Fear of being judged:
When we talk about an abusive relationship, the question often asked is “why do you stay?” In some relationships, the abused may choose to stay in the relationship. Only the person in the relationship can attempt to describe why he/she didn’t leave. They often have difficulty communicating with others about the abuse. One reason for this difficulty is the fear of being judged.
One might be pushed to ask harsh questions and demand serious answers from people who remain in abusive relationships. In some instances, family members, friends, coworkers, etc. are quick to blame the person who chose not to leave. The victims are oftentimes ensnared in a vicious cycle that is often difficult to break. Studies have shown that leaving an abusive relationship is the most dangerous time for an abused woman or man. In many instances, the threat of leaving or actual separation have resulted in the death or disfigurement of the abused partner.
Some victims remain in the relationship because of:
- the sentiments they still hold dear and don’t want to let go of
- believing lies of the abuser that no other man/woman will want them
- financial restraints
- threats to their life, children, family, friends, pets, etc.
- others encouraging the abused to stay in the relationship for one reason or another
- fear and manipulation
- hope that things will get better
I would attempt to describe this as a hope that there would be a return of the good times. Additionally, sometimes it’s a choice to remain in such relationships because, in the abused eyes, it is a sincere attempt to protect others. In this sense, it is more of a sacrifice to stay when they believe the choice to leave will bring harm to children, finances, pets, others or even legacies.
“A new commandment I give to you, that you love one another: just as I have loved you, you also are to love one another.” (John 13:34 ESV)
Hope for the abused and abuser:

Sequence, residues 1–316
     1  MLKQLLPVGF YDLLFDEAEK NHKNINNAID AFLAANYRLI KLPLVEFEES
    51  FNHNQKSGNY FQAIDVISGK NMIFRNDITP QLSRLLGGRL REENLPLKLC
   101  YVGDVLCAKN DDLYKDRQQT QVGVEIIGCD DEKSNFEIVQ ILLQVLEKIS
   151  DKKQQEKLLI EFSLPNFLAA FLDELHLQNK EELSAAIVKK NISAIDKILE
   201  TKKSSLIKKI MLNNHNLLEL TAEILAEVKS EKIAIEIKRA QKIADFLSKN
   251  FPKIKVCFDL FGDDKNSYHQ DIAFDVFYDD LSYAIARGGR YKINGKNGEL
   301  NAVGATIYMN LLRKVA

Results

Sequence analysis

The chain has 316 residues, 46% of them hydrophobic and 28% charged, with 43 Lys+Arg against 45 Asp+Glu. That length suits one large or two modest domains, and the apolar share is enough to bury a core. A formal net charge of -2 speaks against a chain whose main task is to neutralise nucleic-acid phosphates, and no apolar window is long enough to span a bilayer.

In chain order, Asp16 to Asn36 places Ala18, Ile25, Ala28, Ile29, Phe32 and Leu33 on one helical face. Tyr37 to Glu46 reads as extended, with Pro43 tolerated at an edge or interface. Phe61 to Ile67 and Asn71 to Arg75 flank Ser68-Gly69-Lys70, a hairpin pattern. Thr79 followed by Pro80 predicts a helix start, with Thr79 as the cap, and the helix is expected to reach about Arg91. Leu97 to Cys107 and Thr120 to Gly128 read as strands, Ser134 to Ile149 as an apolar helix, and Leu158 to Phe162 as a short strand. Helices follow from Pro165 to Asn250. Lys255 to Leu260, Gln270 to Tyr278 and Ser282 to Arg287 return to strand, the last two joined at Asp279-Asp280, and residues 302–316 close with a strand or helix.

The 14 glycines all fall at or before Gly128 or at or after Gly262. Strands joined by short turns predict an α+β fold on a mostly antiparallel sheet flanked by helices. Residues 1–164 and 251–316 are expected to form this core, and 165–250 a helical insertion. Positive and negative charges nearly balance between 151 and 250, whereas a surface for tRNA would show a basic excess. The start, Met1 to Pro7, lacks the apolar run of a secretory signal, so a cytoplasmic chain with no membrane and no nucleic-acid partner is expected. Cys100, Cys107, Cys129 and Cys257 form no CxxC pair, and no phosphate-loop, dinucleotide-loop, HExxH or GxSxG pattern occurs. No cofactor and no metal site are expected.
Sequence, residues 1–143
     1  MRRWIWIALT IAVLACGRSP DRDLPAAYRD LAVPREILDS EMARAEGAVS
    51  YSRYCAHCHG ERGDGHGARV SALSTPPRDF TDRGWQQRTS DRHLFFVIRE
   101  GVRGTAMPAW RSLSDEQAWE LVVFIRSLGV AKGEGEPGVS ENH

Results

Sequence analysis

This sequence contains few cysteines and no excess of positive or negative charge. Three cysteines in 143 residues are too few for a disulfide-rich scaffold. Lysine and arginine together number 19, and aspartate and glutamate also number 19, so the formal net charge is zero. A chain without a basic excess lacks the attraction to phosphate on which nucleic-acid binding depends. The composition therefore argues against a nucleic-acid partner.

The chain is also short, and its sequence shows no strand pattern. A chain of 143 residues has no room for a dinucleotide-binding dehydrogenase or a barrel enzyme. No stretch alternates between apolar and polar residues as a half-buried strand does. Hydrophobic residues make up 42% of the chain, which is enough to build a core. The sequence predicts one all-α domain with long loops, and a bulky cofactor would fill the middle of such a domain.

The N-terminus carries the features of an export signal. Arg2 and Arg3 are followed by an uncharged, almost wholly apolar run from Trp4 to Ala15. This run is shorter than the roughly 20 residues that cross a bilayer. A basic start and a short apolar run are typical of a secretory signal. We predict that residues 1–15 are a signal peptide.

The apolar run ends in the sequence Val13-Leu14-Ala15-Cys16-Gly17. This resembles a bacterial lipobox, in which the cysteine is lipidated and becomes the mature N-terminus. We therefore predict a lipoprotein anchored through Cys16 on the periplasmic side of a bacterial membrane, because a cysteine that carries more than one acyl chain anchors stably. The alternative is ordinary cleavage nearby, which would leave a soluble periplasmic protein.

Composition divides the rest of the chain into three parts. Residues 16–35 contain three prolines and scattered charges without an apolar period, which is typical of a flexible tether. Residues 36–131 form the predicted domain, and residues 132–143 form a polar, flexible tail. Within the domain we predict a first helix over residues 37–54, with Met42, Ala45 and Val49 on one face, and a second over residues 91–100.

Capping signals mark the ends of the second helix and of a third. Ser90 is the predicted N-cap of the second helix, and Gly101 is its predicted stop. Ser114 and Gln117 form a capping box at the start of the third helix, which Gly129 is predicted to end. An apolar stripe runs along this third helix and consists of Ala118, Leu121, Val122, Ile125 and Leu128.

“He heals the brokenhearted and binds up their wounds.” (Psalm 147:3 NIV)
Instructions for those who suspect abuse:
“Brothers, if anyone is caught in any transgression, you who are spiritual should restore him in a spirit of gentleness. Keep watch on yourself, lest you too be tempted. Bear one another’s burdens, and so fulfill the law of Christ.” (Galatians 6:1-2 ESV)
The essence of love:
Love is patient, love is kind. It does not envy, it does not boast, it is not proud. It does not dishonor others, it is not self-seeking, it is not easily angered, it keeps no record of wrongs. Love does not delight in evil but rejoices with the truth. It always protects, always trusts, always hopes, always perseveres. (1 Corinthians 13:4-7 NIV)
The greatest gift we can share with the abused and the vulnerable is love. This love includes having a listening ear and being non-judgmental. “Do not judge others, and you will not be judged.” (Matthew 7:1 NLT) The truth of the matter is; although abuse may not be happening in your home, it could very well be occurring to someone you know and needs the courage to #SpeakUp without being judged. Although it takes an abused person seven times to leave, by seeking help, they continue to gain the strength needed to leave the abusive relationship.
you or someone you know is in immediate danger, please CALL 911.
For crisis and counseling services, call the National Domestic Violence Hotline at 1-800-799-7233 or TTY 1-800-787-3224.
Hotline advocates are available 24 hours a day, 7 days a week, and 365 days a year to provide confidential crisis intervention, safety planning, information and referrals to agencies in all 50 states, Puerto Rico and the U.S. Virgin Islands.